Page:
Gupta includes two appendices on the passages which appear to prohibit women from certain roles in the church. For most readers, these appendices will be the most controversial parts of the book. Gupta suggests we avoid judging New Testament household codes by our twenty-first-century ideas and ideals. Early Christians were not in a position to make public statements that directly challenged Roman social order. Paul’s interest was in transforming relationships through Jesus Christ Rather than transforming Roman culture. For this reason, we ought to use caution when applying mutual submission in the Pauline letters to contemporary marriage and leadership roles.
Chapters 6-9 discuss the women who worked shoulder to shoulder with men in the hard work of the ministry 93. Chapter 6 covers Paul’s co-laborers mentioned in Romans 16: 3-16; Philippi (Lydia, Acts 16:11-40; Eudoia and Syntyche, Phail 4:2-3), and other women in the Lycus valley (Apphia, Philemon 2; Nympha, Col 4:15). Chapter 7 describes Phoebe as Paul’s trusted proxy. She is a deacon (not a deaconess), although Gupta prefers the titles “ministry provider” (116) and benefactor (118). Paul chose Phoebe to deliver the Letter of Romans to the church in Rome. She publicly read the letter to the congregation and interpreted Romans for the church. This implies Phoebe was specifically trained for her role representing Paul.
Chapter 8 focuses on Prisca, a strategic church leader and expert teacher. Gupta argues that she was a prominent teacher, citing Chrysostom (135). For example, she invited Apollos into her home and instructed him there. Gupta thinks this invitation into their home implies the home was their church (138). It is certainly not the case that Aquilla instructed Apollos while Prisca was making refreshments in the kitchen!
Chapter 9 discusses the controversial role of Junia, mentioned in Romans 16:7. Gupta describes her as a “venerated apostle and imprisoned hero.” Until the twentieth century, scholarship considered Junia to be a man (and Andronicus was his brother) to avoid the implication that there was a female apostle. However, several recent studies have proven beyond a doubt that Junia is a female name, and she is called an apostle along with her husband, Andronicus. Paul calls Junia a “fellow prisoner,” implying she had been arrested and imprisoned (like Paul) for preaching Jesus.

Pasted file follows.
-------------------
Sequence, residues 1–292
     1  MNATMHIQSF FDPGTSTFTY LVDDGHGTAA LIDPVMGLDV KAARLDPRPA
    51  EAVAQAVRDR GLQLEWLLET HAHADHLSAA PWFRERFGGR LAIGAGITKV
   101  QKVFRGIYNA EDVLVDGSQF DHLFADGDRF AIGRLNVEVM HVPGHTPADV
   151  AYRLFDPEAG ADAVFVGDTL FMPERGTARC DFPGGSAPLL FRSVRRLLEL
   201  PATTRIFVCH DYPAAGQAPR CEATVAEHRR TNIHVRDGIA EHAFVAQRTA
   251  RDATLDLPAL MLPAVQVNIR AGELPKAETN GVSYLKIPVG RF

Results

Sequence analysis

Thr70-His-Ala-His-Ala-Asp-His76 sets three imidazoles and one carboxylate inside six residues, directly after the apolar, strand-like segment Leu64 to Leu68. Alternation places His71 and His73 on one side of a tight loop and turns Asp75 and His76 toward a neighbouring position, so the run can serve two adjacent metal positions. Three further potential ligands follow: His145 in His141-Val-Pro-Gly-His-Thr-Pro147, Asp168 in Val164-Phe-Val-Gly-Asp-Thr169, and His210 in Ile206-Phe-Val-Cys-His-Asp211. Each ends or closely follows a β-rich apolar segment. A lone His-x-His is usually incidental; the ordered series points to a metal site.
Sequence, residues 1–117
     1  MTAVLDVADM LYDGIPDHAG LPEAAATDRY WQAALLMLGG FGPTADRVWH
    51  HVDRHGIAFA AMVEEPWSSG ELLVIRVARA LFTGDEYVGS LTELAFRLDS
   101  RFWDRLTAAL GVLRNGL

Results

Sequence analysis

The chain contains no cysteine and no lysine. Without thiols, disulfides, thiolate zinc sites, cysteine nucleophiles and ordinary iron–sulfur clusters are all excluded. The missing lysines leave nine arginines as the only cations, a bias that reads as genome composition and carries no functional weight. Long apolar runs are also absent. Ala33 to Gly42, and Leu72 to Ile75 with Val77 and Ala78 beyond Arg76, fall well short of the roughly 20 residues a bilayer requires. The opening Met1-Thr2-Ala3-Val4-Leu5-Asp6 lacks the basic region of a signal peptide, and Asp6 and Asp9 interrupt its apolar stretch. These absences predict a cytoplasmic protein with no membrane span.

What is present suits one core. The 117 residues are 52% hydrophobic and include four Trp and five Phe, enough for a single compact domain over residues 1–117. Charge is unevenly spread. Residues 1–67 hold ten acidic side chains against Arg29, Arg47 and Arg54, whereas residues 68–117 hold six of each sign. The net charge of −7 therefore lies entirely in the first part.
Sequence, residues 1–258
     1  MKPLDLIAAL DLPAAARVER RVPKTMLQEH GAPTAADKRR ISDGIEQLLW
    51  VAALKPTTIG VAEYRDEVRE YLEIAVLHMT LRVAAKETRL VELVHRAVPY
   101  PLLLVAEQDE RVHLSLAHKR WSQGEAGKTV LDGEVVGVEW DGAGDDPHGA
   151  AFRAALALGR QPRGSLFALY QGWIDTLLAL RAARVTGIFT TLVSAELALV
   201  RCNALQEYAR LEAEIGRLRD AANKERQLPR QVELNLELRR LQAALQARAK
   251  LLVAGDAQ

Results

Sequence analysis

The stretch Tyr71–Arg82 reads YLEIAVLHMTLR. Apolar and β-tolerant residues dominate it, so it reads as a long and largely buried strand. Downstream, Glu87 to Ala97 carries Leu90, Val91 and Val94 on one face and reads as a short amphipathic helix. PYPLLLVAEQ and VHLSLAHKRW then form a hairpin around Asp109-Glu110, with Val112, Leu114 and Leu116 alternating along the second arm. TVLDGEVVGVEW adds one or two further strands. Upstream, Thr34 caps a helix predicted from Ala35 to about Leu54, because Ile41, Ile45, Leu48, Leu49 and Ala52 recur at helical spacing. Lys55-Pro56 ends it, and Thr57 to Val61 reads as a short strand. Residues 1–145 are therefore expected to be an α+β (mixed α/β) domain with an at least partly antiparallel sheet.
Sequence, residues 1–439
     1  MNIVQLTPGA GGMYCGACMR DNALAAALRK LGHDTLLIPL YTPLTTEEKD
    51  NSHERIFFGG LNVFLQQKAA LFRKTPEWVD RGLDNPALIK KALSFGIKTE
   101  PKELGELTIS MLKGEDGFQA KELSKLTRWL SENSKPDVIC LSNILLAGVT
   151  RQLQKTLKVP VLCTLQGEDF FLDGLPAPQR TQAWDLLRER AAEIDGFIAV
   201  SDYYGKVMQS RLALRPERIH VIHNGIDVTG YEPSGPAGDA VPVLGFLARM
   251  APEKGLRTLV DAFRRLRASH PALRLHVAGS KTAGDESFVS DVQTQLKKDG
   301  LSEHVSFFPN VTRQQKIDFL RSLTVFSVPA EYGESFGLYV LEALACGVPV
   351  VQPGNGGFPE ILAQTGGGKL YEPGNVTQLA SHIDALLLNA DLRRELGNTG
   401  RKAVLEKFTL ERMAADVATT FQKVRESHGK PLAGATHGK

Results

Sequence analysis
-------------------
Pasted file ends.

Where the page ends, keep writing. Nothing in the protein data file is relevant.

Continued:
Based on his study, Gupta makes several conclusions. First, God’s people have always needed wise, faithful, and brave women. Women of all kinds encouraged Jesus and his people. Paul preached harmony between man and woman in both the home and the church and he relied on numerous women as leaders as co-workers in his gospel mission. Independently powerful women existed in the Greco-Roman world, and they existed in the early church as well. Paul did not see any deficiency of intellect, skill, or morality in women.
Conclusion: Gupta’s Tell Her Story is an engaging study of women in the early church. The style is personal and not overly technical, so the layperson will be comfortable with the book. Given the modest goals of this book, some readers may be left wanting more details. Footnotes point to more detailed studies, but there is no recommended reading section or bibliography. Gupta avoids the language of “women in ministry” (egalitarian and complementarian). Because he focuses on the biblical text, he generally tries to stay out of the often-explosive arguments on the ordination of women. Yet the point is clear: God has always used women as leaders and continues to do so today.
NB: Thanks to IVP Academic for kindly providing me with a review copy of this book. I purchased the Logos edition. This did not influence my thoughts regarding the work.